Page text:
We Review The Efeno GTRO 3 Speed Internal Crankset

For the past two weeks, I have been riding with an Efneo GTRO gearbox on my Univega. The GTRO is a 3 speed internal gearbox that replaces the front crankset and derailleur. This is a complete replacement, as you retain three distinct gear ratios – virtual 28/40/50t combinations. The crank was lent to us for testing and review. It was decided that I ride the most and would sufficiently test its abilities so I put it on my touring/commuting/mountain bike, replacing the triple crankset.



I was actually very impressed by the installation procedure. You are basically just replacing the BB then sliding a shifter onto your bars. The crankset comes out of the box ready to roll, fully assembled and totally adjusted, with what looks like a Microshift shifter branded Efneo. According to the company, the pull ratio matches Shimano’s MTB line (Deore) so you could use existing levers but I opted for the provided one because the cable pull and gear indicator numbers are reversed. The bottom bracket is dedicated to this system because it has a specific 30.5mm axle length and 46mm right cup size. Despite this, it is a high quality threaded bit made by Tange. Efneo offers it for 68mm & 100mm shells, and hopefully soon they will offer it in 73mm to fit touring mountain bikes, such as the Surly Ogre. All of this combines for a product that is not bound by proprietary, soon-to-become-obsolete pull ratios or – god forbid – bottom bracket standards. It will work on your average bicycle, which is a great thing. See here for further compatibility info.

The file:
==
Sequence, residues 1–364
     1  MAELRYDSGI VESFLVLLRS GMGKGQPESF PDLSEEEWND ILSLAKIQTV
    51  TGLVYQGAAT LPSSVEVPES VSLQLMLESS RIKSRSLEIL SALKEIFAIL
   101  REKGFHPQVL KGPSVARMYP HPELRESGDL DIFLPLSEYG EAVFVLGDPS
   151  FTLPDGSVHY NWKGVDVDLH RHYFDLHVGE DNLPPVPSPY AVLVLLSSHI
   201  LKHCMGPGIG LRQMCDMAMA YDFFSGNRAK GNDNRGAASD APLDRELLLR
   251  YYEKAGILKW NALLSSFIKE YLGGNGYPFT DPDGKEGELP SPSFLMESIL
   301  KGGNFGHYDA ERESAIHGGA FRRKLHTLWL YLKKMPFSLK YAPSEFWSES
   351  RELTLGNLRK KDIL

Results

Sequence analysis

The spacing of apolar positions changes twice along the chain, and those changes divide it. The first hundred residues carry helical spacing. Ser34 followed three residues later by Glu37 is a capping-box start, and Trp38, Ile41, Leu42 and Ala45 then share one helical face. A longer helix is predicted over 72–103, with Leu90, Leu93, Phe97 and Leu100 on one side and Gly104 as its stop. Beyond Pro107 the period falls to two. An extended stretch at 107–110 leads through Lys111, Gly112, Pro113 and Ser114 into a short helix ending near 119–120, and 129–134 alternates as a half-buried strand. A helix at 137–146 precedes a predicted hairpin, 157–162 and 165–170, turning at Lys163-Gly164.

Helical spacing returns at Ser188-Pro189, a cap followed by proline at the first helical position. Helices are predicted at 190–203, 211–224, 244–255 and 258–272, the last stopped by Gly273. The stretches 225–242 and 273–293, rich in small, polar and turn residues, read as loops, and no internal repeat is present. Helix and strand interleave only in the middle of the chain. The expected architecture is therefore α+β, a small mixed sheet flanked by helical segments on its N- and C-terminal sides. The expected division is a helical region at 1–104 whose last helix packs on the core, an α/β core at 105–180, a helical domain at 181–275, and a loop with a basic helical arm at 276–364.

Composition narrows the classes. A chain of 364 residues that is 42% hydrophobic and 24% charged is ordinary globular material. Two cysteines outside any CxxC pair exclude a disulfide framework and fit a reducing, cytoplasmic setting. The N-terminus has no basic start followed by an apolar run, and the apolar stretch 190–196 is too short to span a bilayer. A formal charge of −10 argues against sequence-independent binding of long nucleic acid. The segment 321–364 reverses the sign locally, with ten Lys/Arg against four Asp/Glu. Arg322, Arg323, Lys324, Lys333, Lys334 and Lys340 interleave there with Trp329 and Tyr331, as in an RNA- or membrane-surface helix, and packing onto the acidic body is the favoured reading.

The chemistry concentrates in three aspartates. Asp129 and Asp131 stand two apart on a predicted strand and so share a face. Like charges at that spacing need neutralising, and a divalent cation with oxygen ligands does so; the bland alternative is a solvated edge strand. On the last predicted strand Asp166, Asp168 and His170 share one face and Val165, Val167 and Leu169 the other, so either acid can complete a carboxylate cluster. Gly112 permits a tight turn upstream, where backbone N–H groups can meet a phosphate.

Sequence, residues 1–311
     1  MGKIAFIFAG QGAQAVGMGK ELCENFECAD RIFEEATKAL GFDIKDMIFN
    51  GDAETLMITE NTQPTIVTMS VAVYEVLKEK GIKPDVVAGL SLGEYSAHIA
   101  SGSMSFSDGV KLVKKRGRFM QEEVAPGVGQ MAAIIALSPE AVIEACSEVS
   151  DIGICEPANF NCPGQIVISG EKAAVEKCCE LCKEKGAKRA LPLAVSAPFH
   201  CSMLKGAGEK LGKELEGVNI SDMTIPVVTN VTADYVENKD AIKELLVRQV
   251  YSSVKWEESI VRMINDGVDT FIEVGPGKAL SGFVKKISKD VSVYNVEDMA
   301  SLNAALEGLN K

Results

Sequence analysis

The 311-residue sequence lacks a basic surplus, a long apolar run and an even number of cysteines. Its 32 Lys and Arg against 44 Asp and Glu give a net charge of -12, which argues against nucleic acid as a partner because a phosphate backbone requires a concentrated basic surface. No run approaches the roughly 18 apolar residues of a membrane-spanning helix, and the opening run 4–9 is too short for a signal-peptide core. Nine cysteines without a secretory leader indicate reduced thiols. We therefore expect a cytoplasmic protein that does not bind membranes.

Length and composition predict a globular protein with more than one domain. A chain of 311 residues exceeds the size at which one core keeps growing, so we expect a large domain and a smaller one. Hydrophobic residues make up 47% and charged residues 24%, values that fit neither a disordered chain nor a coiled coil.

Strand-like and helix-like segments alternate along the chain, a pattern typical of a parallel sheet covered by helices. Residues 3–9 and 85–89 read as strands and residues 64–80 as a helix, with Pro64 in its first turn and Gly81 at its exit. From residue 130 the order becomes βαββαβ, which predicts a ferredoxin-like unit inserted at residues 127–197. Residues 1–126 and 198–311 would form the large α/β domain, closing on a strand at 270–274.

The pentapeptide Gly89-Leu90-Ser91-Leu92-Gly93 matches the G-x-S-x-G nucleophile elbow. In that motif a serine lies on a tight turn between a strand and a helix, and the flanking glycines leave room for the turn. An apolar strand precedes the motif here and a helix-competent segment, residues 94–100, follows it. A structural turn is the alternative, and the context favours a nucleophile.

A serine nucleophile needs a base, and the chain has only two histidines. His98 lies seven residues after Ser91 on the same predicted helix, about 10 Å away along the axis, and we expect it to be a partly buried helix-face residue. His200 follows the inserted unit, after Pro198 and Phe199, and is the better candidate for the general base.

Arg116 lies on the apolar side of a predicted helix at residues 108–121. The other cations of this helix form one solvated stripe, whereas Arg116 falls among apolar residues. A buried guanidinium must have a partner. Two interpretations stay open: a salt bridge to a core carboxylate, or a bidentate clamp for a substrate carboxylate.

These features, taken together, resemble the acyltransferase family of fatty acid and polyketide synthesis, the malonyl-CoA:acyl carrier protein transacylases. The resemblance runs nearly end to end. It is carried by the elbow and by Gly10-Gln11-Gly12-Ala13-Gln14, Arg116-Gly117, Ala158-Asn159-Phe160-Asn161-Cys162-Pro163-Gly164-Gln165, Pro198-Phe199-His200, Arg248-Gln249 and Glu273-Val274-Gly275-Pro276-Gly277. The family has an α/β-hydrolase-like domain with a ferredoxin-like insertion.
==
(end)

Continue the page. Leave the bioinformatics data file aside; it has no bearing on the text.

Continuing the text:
At this point, I probably have almost 500 miles on the crankset. These miles are composed of a couple weekend adventures, daily commuting, and those extra-long scenic commutes through the East Bay hills. I often ride loaded on this already-heavy bike, and the lowest gear was relied on for much of my riding. I found the 40t appropriate for riding on flats, and 50t perfect for ripping downhill or cruising in the fast lane. On the road, shifting is smooth and flawless, though you do have to let up on the power a little bit just like an IGH. I did take the GTRO on a lightly loaded two-day expedition through Marin County, where I found another advantage to internal front shifting when climbing Mt Tam back into civilization: you can keep your front in the smallest gear, while having full use of your cassette. This is a benefit on a climb with varying gradient, where the road may flatten out a bit but you know it will steepen up so you don’t want to shift completely. The same goes for downhill routes with small rollers. Essentially, cross chaining does not happen. The gearbox is also useful off-road, where you can shift without pedaling or use your whole cassette in any front combination. I had a few rides with the cranks off-road, and while I did break a bottle of beer in my pannier, the gearbox survived.